Most attackers had experienced psychological, behavioral, or developmental symptoms, the study found. However, the report added that “the fact that half of the attackers had received one or more mental health services prior to their attack indicates that mental health evaluations and treatments should be considered a component of a multidisciplinary threat assessment, but not a replacement.”
Half of the attackers showed interest in violent topics, and most attackers had a history of school disciplinary action. Many had prior contact with law enforcement.
All attackers exhibited concerning behaviors—most of them elicited concern from others, and most attackers communicated their intent to attack. However, few observers acted on those concerns, “either out of fear, not believing the attacker, misjudging the immediacy or location, or believing they had dissuaded the attacker,” the study says.
Only 17 percent of schools studied had any type of system in place to notify school staff or administrators of threatening or concerning student behavior prior to an attack. Only 22 percent of schools had a formal threat assessment or intervention protocol.
A Secret Service study finds most students who commit deadly school attacks were bullied, had troubled disciplinary histories and had behavior that concerned others but went unreported. The report obtained by AP looked at 41 school attacks from 2008-2017. https://t.co/iXab1wWMB1— The Associated Press (@AP) November 7, 2019
The Secret Service study strongly recommends developing a targeted violence prevention plan, and it offers an eight-step program for implementing one. A full guide is available on the Secret Service website, but an abbreviated version is below.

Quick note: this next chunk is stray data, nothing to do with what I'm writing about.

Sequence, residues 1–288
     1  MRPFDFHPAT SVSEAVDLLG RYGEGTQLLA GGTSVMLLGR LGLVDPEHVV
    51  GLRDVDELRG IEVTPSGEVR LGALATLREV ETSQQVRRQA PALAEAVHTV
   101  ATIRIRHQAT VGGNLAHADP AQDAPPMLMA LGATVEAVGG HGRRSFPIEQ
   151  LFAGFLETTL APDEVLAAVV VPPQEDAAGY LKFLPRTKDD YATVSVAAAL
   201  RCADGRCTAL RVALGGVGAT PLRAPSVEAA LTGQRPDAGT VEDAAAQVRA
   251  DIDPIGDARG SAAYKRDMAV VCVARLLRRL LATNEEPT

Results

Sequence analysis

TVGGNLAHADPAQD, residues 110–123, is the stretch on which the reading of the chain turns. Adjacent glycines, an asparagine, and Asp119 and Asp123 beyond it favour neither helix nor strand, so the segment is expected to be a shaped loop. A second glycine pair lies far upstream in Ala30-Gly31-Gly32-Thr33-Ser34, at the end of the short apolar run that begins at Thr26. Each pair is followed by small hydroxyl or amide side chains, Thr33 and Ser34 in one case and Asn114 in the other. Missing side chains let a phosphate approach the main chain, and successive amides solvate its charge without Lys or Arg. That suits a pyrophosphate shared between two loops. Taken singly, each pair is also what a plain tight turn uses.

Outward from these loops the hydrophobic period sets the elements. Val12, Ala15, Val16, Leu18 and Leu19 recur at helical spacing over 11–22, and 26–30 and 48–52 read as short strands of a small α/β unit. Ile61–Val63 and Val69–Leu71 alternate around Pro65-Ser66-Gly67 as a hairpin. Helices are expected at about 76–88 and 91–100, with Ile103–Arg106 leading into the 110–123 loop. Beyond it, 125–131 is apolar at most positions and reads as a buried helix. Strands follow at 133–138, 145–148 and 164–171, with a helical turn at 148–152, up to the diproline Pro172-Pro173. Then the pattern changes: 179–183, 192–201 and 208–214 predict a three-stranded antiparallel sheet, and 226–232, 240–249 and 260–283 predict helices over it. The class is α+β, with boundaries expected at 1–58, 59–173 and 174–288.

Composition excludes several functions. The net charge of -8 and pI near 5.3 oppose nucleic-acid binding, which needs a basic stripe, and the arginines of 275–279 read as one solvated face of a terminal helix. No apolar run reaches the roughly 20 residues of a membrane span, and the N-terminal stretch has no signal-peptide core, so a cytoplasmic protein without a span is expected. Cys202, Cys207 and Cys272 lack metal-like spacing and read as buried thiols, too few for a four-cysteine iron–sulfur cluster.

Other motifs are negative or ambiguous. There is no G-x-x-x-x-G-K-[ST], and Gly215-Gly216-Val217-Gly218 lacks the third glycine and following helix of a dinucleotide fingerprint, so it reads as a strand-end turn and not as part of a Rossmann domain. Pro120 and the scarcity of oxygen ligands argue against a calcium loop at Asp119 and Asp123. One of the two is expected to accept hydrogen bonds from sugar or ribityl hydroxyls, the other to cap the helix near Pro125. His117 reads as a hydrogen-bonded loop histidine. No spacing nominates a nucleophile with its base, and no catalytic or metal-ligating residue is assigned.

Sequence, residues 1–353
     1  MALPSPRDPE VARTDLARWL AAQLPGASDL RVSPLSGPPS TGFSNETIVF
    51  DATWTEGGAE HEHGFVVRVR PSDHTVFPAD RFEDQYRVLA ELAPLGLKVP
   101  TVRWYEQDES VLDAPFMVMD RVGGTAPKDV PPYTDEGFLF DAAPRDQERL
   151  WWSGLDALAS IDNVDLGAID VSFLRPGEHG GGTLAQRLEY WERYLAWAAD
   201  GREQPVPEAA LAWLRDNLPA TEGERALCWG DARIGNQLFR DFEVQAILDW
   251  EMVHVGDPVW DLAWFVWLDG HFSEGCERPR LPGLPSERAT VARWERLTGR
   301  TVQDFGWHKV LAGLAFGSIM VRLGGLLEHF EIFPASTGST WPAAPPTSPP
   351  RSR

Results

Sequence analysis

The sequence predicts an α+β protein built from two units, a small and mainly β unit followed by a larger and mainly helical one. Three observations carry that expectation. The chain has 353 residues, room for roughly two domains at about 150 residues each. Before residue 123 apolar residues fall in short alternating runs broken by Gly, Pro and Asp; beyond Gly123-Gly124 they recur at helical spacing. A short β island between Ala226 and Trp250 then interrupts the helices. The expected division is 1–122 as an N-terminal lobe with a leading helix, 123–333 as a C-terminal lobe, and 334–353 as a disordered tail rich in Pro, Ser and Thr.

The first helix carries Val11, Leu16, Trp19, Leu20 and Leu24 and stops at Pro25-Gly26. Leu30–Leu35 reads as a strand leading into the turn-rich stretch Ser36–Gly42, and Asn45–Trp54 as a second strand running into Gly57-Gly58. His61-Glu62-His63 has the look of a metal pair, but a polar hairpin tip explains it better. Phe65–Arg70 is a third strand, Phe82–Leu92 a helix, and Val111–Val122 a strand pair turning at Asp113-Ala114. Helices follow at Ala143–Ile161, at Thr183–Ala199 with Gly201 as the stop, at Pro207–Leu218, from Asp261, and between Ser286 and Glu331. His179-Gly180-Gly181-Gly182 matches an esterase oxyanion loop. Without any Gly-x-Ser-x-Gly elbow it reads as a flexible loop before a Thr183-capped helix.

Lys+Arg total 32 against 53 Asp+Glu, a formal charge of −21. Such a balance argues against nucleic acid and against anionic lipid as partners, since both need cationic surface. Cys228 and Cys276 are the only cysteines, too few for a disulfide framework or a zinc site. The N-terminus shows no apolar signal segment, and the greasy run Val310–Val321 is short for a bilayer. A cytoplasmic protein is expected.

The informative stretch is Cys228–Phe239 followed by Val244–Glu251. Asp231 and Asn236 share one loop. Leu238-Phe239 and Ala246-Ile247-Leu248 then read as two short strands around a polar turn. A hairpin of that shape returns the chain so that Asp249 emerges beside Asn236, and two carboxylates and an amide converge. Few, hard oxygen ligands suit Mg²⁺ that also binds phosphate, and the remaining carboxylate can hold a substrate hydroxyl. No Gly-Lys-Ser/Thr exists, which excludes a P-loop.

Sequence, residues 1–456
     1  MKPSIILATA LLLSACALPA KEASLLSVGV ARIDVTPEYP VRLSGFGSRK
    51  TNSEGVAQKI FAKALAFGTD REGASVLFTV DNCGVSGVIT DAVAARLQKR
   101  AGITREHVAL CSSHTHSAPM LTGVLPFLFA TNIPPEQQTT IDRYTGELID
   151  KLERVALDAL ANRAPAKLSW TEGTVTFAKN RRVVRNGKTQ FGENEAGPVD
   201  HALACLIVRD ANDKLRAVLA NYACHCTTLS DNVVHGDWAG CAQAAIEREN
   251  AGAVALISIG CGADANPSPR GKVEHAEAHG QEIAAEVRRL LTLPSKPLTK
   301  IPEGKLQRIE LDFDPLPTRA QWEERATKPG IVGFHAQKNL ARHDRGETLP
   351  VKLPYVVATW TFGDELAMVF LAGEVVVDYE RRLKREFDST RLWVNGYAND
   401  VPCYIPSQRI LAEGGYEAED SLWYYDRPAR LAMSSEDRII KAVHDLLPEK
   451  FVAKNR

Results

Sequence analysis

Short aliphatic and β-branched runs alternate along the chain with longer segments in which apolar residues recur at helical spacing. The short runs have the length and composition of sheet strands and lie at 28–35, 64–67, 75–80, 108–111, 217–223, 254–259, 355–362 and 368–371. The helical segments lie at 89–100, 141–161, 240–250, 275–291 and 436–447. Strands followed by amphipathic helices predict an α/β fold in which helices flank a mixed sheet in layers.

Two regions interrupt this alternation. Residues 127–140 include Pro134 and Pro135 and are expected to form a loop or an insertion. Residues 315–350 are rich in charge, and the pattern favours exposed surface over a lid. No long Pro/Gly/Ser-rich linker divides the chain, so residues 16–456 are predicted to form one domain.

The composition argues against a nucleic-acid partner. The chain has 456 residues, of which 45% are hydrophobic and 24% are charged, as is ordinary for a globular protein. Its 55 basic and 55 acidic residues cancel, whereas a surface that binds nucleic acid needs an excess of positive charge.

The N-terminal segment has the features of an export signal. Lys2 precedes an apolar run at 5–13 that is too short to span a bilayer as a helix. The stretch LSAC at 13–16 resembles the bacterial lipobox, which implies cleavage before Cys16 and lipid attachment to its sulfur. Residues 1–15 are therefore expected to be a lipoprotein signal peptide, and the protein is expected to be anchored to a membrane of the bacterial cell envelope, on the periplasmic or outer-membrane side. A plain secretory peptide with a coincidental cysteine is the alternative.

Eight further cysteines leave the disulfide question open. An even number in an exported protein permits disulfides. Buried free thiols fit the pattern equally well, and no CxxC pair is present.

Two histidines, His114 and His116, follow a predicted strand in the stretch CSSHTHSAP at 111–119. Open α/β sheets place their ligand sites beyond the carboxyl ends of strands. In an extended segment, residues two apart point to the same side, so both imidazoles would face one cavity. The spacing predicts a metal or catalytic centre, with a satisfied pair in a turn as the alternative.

- Establish a multidisciplinary threat assessment team of school personnel—faculty, staff, administrators, coaches, and available school resource officers.
- Define concerning behaviors, including “objectively concerning” or “prohibited” behaviors (threats, violent acts, weapons on campus) that would trigger an immediate intervention, and “lower-level concerning” behaviors (depressed mood, interest in violent topics, conflicts between classmates).
- Establish and provide training on a central reporting system, like a smartphone app, online form, or dedicated school email address or phone number. Ensure it provides anonymity and is monitored by personnel who will follow up on all reports.
- Determine the threshold for law enforcement intervention.
- Establish threat assessment procedures, including practices for maintaining documentation, identifying sources of information, reviewing records, and conducting interviews.
- Develop risk management options to enact after assessment.
- Create and promote a safe school climate built on a culture of safety, respect, trust, and emotional support. Encourage communication, intervene in conflicts and bullying, and empower students to share concerns.
- Provide training for all stakeholders, including school personnel, students, parents, and law enforcement.